By way of comparison, thermal neutrons are considered to be neutrons having an energy level below 0.025 electron volts; epithermal neutrons have energy levels between 0.025 and 100 electron volts while the preferred fast neutrons emitted from the source with a mean energy level of over four million electron volts.
Another aspect of the system is that generally neutrons do not occur naturally as background radiation, thus it is practical to use small source sizes and detect the resulting low quantities of backscattered neutrons. Gamma radiation based systems must overcome a natural occurring gamma background radiation, which requires raising the total radiation level.
The invention relates to a measurement system utilizing fast neutron backscattering for measuring material levels or other parameters of substantially non-hydrogenous material in a walled vessel. The source of fast neutrons mounts in a way to direct high energy, or fast, neutrons into the walled vessel. The detection system mounts near the neutron source to receive neutrons scattered back toward the source as a result of collisions with nuclei of material in the vessel. An energy degradation shield, or moderator, also mounts between the neutron source and the vessel to provide for selected energy degradation to enhance detectable backscatter so measurement signal levels are high.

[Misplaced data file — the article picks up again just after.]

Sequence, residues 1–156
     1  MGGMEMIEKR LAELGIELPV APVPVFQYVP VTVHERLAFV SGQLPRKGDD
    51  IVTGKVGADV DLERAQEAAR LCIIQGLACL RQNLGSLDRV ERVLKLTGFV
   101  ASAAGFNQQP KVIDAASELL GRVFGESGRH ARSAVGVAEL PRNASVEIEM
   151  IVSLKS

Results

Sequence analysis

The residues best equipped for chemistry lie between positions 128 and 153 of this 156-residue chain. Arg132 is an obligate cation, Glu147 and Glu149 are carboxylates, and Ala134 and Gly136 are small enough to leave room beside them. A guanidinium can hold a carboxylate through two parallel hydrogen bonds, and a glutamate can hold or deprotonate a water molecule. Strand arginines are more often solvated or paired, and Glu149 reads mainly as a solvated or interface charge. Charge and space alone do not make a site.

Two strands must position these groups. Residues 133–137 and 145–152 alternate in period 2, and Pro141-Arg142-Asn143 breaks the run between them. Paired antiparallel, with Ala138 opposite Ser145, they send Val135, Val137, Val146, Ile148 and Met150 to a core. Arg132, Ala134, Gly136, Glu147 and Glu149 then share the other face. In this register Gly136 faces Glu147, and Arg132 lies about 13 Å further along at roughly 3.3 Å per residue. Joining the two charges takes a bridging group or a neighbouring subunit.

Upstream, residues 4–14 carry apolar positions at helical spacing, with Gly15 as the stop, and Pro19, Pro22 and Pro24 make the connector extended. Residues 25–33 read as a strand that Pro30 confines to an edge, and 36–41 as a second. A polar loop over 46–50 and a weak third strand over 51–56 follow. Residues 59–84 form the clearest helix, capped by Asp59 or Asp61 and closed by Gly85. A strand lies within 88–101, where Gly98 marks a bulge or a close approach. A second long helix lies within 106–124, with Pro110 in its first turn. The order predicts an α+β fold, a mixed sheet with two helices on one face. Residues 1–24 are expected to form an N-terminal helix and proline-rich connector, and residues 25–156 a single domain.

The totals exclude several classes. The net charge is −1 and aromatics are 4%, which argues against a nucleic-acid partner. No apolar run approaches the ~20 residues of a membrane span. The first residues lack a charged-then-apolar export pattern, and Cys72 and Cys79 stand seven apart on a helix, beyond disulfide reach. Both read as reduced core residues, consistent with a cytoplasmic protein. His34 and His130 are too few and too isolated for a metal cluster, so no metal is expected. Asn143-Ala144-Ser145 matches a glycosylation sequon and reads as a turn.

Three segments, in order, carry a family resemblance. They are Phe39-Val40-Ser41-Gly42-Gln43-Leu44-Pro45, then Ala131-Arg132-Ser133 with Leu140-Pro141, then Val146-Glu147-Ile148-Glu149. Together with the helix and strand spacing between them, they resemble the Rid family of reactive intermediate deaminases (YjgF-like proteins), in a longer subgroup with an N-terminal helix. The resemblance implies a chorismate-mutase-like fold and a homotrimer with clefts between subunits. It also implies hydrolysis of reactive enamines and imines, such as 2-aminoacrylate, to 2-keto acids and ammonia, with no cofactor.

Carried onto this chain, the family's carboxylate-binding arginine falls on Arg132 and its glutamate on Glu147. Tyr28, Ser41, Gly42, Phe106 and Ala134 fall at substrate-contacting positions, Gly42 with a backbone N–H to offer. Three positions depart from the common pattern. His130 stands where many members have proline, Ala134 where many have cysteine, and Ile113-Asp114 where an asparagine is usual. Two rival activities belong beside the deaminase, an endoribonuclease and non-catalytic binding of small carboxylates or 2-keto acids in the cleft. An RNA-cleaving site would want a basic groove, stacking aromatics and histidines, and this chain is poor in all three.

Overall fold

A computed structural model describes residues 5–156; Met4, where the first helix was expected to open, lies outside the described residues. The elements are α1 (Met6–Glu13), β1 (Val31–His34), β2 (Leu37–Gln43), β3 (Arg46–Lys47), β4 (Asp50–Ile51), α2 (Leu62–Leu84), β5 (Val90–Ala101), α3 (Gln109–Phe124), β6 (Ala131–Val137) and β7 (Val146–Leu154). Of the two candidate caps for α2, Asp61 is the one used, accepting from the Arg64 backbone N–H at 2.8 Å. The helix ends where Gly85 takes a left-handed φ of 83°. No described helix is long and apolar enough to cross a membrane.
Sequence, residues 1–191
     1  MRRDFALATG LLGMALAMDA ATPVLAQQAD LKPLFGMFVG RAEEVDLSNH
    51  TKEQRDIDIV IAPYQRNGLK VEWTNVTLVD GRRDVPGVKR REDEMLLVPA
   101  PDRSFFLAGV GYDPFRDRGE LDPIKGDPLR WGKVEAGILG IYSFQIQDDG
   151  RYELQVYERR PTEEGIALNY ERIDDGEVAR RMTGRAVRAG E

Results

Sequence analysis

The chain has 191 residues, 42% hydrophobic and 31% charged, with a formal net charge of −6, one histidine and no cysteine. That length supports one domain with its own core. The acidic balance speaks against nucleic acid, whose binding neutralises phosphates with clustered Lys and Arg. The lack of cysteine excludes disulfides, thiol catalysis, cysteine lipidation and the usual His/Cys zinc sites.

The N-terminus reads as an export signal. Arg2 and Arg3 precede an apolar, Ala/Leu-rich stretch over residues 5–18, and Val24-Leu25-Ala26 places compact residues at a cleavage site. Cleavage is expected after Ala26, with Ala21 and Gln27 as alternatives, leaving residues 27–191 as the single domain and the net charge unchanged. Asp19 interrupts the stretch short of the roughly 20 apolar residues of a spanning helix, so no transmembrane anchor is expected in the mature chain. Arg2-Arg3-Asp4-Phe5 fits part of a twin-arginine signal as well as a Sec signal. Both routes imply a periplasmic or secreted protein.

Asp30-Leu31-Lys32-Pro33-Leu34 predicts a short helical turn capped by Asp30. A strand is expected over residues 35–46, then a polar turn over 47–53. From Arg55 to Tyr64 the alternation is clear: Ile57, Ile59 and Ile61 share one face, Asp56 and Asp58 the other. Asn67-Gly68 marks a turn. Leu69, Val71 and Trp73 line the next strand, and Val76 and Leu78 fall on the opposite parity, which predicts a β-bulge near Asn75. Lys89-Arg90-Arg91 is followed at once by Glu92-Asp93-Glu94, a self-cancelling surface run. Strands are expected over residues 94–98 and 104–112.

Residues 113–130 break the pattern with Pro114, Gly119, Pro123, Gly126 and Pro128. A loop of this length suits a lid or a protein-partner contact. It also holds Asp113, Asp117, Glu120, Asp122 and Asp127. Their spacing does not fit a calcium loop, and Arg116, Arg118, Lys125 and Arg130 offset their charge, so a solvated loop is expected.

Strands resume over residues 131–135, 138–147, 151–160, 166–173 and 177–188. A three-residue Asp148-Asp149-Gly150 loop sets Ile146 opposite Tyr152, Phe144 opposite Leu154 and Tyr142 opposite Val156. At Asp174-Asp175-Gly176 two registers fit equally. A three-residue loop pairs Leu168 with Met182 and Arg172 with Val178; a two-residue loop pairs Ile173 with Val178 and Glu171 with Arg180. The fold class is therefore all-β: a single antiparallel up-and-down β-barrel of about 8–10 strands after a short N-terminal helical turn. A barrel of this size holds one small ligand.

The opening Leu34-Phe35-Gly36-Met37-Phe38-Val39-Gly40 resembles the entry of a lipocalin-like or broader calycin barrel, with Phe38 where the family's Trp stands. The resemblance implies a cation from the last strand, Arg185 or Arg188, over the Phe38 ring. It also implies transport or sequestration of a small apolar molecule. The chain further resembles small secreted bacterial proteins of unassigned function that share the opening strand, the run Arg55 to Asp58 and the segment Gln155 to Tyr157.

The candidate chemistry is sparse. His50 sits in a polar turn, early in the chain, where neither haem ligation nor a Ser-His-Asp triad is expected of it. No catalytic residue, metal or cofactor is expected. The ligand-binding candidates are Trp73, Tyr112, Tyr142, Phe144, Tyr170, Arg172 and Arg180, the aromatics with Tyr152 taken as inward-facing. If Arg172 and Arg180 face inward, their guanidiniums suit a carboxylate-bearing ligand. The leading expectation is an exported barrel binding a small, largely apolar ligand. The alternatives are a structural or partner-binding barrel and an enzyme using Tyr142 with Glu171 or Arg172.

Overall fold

Moderator, or moderation, is commonly used to define the slowing down of high velocity neutrons. Moderation is, however, often associated with the total slowing down, or attempt to do so, of neutrons to their terminal velocity at the thermal energy in a single step, and therefore not consistent with the present invention. The term energy degradation shield is used here to imply the controlled and managed neutron energy reduction to the thermal range to match the process measurement to be accomplished.
In one preferred embodiment the neutron source and the detection system are housed in one assembly. In this embodiment, the energy degradation shield is in front of both the source and detection system to provide energy degradation to aid in the detectable backscatter resulting from the non-hydrogenous process material.
FIG. 1 is a side elevational view of the source and measuring unit mounted on the side of a process vessel containing a process material.